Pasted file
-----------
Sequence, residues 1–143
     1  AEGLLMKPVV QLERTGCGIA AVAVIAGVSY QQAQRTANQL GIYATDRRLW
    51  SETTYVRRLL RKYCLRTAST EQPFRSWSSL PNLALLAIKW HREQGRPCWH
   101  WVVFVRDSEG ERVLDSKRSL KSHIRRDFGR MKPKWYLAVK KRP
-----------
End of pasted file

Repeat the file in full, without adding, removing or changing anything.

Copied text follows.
Sequence, residues 1–143
     1  AEGLLMKPVV QLERTGCGIA AVAVIAGVSY QQAQRTANQL GIYATDRRLW
    51  SETTYVRRLL RKYCLRTAST EQPFRSWSSL PNLALLAIKW HREQGRPCWH
   101  WVVFVRDSEG ERVLDSKRSL KSHIRRDFGR MKPKWYLAVK KRP